Who could have imagined that the Long Beach police station where folks at one time were being booked and jailed for crimes such as marijuana use would one day be a site where others would actually be purchasing pot– legally?
Such is the case for the building at 1957 Pacific Ave., where, two weeks ago, Wrigley artist David Early finished a 20-foot-by-30-foot oil-paint mural depicting the inside of a train depot, reflecting the name of the medical-marijuana dispensary– The Station.
In an interview with the Signal Tribune Tuesday at the dispensary, Early said that, when he first met with The Station’s owners six months ago, it was still under construction. Lisa Wibroe, another Wrigley artist who also coordinates the Long Beach Open Studio Tour, had put him in touch with the owners when they were in the process of connecting with local residents.
“The community really backed [the dispensary’s opening], and Lisa recommended, ‘How about a mural?’” Early said. “She lives not far from here, and so do I. We’re both local, Wrigley artists, so we wanted to focus on getting more murals from Wrigley artists, because there are so many artists living here.”
Entering the business through the back door, Early explained that the building’s interior still features the original bricks from the police substation that was there for 15 years.
He said he worked with staff to develop ideas for a mural that would somehow explore the idea of a “station.”
“So, I started with the idea of the station, going, ‘What kind of station in Long Beach? We can do a lifeguard station. We can maybe do a train station. We can do different types of stations,’” Early said. “So, [I] sort of threw that out there, and the feedback from the owner was, ‘I really want to focus on the police station, but I really want to turn it into a positive.’ So, I thought, ‘How do you turn being in jail into a positive, being incarcerated– into a positive?’ Well, a lot of [those arrested] learn they don’t want to be there again, and so all they want to do is be set free. So, from there, we went on to the jailbird, opening the cage, releasing the birds.”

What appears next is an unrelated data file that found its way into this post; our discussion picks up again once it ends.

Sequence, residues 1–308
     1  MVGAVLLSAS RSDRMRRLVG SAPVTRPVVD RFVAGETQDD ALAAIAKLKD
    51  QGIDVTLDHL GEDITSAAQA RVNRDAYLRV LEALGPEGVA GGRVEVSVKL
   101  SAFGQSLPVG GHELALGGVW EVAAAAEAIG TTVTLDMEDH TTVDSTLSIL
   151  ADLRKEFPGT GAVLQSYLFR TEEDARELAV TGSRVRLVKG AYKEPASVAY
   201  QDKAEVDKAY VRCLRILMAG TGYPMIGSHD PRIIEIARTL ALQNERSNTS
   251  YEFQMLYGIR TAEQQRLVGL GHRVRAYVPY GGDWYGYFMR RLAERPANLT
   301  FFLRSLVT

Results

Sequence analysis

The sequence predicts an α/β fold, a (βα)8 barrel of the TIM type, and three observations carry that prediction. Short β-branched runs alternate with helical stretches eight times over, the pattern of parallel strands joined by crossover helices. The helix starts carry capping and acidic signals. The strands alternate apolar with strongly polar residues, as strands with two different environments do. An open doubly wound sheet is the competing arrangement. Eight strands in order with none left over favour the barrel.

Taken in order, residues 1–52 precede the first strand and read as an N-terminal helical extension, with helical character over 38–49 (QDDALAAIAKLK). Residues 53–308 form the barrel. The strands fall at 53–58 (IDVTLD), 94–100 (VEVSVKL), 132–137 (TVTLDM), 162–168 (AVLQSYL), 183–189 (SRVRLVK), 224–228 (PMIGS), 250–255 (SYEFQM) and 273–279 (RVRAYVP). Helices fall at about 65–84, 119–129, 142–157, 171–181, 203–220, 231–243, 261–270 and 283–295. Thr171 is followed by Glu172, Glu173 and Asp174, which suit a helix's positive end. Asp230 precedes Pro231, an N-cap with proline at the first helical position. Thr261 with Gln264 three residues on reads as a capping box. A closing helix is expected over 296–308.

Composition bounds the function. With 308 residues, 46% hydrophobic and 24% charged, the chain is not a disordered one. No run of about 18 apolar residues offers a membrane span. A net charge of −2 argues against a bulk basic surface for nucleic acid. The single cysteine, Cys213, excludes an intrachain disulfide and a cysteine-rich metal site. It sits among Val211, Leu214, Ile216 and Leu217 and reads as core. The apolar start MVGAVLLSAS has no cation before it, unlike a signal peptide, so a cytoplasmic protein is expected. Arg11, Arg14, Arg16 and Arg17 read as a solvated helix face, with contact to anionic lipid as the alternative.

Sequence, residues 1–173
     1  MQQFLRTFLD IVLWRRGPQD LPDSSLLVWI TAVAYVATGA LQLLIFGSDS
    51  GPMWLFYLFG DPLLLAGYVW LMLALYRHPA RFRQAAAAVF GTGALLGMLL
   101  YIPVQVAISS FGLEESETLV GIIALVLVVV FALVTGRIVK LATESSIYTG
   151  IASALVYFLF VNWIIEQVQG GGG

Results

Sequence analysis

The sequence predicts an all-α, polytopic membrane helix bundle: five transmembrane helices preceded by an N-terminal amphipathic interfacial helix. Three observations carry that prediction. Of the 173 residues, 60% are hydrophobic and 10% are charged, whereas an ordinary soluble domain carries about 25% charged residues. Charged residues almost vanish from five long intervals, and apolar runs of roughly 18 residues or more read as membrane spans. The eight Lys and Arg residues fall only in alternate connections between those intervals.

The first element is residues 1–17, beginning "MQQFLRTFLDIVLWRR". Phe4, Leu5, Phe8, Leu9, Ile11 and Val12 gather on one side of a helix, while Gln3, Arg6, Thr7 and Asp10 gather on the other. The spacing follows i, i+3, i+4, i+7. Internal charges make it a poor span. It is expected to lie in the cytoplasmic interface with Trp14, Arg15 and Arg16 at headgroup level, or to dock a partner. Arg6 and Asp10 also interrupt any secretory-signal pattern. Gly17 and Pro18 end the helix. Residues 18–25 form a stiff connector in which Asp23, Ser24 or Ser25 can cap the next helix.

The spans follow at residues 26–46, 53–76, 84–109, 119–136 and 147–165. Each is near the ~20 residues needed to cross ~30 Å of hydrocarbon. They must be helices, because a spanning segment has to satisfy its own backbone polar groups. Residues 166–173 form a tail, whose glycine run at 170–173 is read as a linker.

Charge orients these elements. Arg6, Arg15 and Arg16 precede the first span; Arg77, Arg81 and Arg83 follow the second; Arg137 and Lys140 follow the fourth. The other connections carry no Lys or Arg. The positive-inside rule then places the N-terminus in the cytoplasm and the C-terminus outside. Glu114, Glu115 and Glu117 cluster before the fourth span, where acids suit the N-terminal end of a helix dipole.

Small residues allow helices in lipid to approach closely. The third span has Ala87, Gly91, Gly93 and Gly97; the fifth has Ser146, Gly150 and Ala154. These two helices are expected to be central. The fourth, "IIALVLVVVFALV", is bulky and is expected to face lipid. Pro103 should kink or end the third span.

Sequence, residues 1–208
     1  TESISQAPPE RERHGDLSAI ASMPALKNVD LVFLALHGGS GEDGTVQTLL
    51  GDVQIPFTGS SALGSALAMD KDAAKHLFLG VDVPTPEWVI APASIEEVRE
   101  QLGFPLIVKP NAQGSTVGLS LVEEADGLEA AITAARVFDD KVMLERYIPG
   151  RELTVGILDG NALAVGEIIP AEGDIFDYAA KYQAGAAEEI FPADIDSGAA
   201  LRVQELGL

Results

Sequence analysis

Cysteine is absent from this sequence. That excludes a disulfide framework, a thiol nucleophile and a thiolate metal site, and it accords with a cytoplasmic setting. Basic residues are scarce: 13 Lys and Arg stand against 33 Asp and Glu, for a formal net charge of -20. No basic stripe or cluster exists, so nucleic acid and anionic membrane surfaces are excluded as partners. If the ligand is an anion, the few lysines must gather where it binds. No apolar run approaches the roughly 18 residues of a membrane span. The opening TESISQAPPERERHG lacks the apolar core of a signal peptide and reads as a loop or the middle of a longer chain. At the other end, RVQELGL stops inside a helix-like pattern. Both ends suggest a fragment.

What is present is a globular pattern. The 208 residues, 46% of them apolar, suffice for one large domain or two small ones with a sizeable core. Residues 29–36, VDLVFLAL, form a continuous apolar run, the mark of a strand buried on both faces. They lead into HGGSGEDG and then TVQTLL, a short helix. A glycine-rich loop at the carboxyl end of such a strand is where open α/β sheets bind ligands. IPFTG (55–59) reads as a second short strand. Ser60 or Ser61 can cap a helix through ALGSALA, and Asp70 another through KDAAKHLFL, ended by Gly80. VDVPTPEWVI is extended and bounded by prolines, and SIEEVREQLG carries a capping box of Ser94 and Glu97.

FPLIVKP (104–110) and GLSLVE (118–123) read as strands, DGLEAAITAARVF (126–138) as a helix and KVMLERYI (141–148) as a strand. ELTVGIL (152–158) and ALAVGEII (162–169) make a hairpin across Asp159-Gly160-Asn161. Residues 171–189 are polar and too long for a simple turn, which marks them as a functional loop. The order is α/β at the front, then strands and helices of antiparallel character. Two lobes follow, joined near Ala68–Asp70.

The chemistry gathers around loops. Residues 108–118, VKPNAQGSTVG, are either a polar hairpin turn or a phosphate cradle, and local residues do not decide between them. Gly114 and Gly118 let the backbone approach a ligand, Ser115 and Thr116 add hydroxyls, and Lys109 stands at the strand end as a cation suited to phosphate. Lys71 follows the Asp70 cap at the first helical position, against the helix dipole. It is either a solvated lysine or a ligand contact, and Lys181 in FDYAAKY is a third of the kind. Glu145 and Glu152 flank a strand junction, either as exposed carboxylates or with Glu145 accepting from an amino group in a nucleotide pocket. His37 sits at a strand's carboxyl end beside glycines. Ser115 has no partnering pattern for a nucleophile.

He explained that, upon doing some research into the use of ‘jailbirds’ by other entities, he decided that image had already been utilized too much.
As he pondered the concept further, he was influenced by the death of his mother just two months prior. His parents had met at a dancehall at The Pike in Long Beach in 1956 after his father returned from military service.
“So, a lot of memories came back to ‘historic Long Beach,’” he said. “So, that’s why I decided let’s go with something from the ‘40s or ‘50s in Long Beach, because it really is a remarkable city, if you learn about it. People now that just sort of live in it– they have no idea of the amount of history here.”
Tossing around the three ideas of history, vintage and birds, and considering that the mural would be in the lobby with a 30-foot-high ceiling, Early decided to work off of that height. Eventually, he reached the idea of a train station.
“Because that can imply a lot of things,” he said. “Getting on a train– and you’re free– to who knows? The excitement of sitting down and waiting. And then, also, the faux windows that I painted and the prism of color coming in represent freedom. And, in my eyes, that’s exactly what this is– the end of the prohibition of marijuana, and now it is legal, and now it is the future.”
Despite his attitude about the now legal substance, Early said he didn’t want to be literal in his imagery: no marijuana leaves, no rasta colors.
He added that the mural is “unusual” in that he first hand-painted it with brushes and acrylics– no spraypaints– then went over it with oils. He painted at night for two and a half weeks, while the construction crew worked.
As for the people who are depicted in the painting– two police officers chatting with each other and a small group of women who are sitting– Early explained that the owners preferred that they be of no particular race and feature no discernible facial expression.
Pam Chotiswatdi, who has a master’s in public health and serves as the health educator for The Station, said Early’s mural depicts the dispensary’s vision by casting police officers in a different light.
“It gives them a new role,” she said. “Law-enforcement had to follow the law and enforce cannabis prohibition, and now they have a new role. In their law-enforcement, they don’t have to do that anymore. They don’t have to criminalize cannabis use, and they have a new role in this building, since it used to be a substation and now it’s medical marijuana. So, it’s like they’re watching over a new kind of era.”